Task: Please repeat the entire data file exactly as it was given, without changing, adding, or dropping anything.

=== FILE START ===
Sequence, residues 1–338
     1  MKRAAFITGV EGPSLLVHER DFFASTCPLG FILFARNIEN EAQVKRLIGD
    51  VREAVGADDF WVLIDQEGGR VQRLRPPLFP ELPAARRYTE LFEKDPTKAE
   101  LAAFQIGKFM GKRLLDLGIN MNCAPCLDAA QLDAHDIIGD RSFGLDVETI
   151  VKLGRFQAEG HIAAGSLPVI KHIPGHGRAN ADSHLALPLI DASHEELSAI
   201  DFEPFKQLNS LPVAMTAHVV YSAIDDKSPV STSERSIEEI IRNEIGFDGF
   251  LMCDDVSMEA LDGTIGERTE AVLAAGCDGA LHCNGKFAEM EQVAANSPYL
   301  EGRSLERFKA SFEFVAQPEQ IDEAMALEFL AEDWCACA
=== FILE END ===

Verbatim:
Sequence, residues 1–338
     1  MKRAAFITGV EGPSLLVHER DFFASTCPLG FILFARNIEN EAQVKRLIGD
    51  VREAVGADDF WVLIDQEGGR VQRLRPPLFP ELPAARRYTE LFEKDPTKAE
   101  LAAFQIGKFM GKRLLDLGIN MNCAPCLDAA QLDAHDIIGD RSFGLDVETI
   151  VKLGRFQAEG HIAAGSLPVI KHIPGHGRAN ADSHLALPLI DASHEELSAI
   201  DFEPFKQLNS LPVAMTAHVV YSAIDDKSPV STSERSIEEI IRNEIGFDGF
   251  LMCDDVSMEA LDGTIGERTE AVLAAGCDGA LHCNGKFAEM EQVAANSPYL
   301  EGRSLERFKA SFEFVAQPEQ IDEAMALEFL AEDWCACA